Sunday, November 13, 2005

Nuance? We don't NEED no steenkin' nuance.

In his book "Dilbert and the Way of the Weasel," Scott Adams makes fun of business forecasting by pointing out the difference between what someone says, and what your brain insists on hearing. As Adams writes, if your company's product is a beverage made of turpentine, and this is what is said:

If war breaks out between Switzerland and Sweden and there's a shortage of rubber and someone invents a way to turn turpentine beverages into tires, and all other turpentine manufacturers go out of business at once, we could sell two million cases of our soft drink sometime during the next century.

then this is what you hear:

We're selling two million cases. No doubt about it.

See what happened there? All caution, all reservation, all nuance ... gone. Totally gone. Which brings us to the right-wing wankersphere and how amusingly they fit into a Dilbert joke, as we recall the actual details and nuance of Senator John Kerry's vote for the Iraq war (emphasis on nuance added):

"As the President made clear earlier this week, ``Approving this resolution does not mean that military action is imminent or unavoidable.'' It means ``America speaks with one voice.''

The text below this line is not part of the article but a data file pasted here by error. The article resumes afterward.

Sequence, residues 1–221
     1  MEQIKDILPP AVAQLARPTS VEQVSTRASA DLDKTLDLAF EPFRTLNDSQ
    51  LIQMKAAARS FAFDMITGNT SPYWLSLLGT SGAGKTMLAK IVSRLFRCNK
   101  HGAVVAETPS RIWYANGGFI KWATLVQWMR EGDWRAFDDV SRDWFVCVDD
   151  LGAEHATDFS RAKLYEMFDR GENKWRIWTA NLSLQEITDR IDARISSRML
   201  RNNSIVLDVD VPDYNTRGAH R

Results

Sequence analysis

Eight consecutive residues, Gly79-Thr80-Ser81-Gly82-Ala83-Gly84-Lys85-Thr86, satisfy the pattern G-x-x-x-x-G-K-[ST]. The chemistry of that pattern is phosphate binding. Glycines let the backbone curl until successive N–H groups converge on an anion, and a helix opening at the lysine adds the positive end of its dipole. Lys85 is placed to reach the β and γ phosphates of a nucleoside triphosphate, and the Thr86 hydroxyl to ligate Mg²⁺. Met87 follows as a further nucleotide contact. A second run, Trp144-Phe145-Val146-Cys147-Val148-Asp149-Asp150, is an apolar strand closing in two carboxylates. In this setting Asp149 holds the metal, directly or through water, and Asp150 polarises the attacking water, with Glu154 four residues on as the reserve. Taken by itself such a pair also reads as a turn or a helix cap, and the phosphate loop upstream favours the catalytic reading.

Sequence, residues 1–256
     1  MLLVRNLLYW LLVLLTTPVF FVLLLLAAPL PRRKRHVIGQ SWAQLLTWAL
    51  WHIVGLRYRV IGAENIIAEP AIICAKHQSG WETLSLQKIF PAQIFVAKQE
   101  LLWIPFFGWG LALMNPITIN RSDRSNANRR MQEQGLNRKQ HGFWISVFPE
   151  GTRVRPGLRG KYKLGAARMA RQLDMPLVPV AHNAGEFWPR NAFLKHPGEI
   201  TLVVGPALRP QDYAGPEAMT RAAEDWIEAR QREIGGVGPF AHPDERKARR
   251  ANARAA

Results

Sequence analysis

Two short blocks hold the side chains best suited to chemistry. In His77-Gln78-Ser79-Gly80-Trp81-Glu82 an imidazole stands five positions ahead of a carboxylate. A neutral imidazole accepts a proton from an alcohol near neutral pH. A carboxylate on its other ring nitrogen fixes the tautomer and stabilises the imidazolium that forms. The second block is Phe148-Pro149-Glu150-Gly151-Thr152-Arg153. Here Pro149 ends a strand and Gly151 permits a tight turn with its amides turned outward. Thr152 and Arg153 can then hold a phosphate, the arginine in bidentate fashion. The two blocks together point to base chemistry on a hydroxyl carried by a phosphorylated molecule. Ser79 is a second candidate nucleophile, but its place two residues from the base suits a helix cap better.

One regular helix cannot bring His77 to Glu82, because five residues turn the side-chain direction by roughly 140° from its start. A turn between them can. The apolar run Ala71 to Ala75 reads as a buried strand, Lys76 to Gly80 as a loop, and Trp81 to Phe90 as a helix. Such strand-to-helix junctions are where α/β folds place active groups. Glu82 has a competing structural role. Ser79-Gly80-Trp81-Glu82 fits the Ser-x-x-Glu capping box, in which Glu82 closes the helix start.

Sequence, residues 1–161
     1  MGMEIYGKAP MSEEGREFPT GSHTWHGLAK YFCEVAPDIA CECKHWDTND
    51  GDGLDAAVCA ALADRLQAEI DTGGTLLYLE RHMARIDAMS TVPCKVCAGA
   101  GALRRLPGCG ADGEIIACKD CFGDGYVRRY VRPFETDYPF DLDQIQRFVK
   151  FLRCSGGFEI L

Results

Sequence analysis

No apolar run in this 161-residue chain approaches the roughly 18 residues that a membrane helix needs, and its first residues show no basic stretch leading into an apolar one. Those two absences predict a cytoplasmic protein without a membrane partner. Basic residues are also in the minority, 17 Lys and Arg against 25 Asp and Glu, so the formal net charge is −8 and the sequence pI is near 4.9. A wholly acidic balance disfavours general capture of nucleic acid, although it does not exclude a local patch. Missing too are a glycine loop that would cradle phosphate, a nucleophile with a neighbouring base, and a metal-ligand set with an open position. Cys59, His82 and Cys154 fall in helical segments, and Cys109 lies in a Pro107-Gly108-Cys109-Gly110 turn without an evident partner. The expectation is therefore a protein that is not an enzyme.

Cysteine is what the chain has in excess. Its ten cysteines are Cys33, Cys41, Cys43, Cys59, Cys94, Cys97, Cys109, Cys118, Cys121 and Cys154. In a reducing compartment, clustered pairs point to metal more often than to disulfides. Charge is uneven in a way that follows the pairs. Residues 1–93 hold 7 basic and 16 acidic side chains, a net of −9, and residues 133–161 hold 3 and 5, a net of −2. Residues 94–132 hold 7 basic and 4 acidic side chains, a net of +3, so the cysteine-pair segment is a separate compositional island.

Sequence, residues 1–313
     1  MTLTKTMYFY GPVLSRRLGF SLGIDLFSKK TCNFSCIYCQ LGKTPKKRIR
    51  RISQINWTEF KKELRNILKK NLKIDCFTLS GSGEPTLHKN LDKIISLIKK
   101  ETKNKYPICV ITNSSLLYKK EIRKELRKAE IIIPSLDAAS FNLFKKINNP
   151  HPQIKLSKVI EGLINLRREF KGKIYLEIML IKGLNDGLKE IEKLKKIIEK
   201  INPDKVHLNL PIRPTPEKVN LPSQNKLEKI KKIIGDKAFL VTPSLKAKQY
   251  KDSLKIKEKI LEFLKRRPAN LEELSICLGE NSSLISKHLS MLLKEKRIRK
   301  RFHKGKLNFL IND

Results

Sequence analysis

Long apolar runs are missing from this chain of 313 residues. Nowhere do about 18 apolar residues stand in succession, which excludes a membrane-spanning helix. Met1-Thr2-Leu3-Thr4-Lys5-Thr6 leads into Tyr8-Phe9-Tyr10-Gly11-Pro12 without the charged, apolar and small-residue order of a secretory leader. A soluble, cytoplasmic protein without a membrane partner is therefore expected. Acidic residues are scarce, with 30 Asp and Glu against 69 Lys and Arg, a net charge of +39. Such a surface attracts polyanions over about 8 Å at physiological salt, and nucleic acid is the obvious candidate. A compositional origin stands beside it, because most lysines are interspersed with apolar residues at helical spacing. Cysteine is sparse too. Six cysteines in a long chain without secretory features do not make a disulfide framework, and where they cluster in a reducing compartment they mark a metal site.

Let me be clear, the vote I will give to the President is for one reason and one reason only: To disarm Iraq of weapons of mass destruction, if we cannot accomplish that objective through new, tough weapons inspections in joint concert with our allies.

In giving the President this authority, I expect him to fulfill the commitments he has made to the American people in recent days--to work with the United Nations Security Council to adopt a new resolution setting out tough and immediate inspection requirements, and to act with our allies at our side if we have to disarm Saddam Hussein by force. If he fails to do so, I will be among the first to speak out.

If we do wind up going to war with Iraq, it is imperative that we do so with others in the international community, unless there is a showing of a grave, imminent -- and I emphasize ``imminent'' -- threat to this country which requires the President to respond in a way that protects our immediate national security needs."

Make sure you appreciate all of Kerry's nuance and qualifiers, then notice how cavalierly Bush promises he's going to sell those two million cases of turpentine beverage:

In his strongest defense yet of his Iraq war policies, Bush quoted Kerry as saying he voted to give the president approval to wage war because weapons of mass destruction in the hands of
Saddam Hussein would be a grave threat

Which, as you now know, is complete crap. And you are so not surprised.

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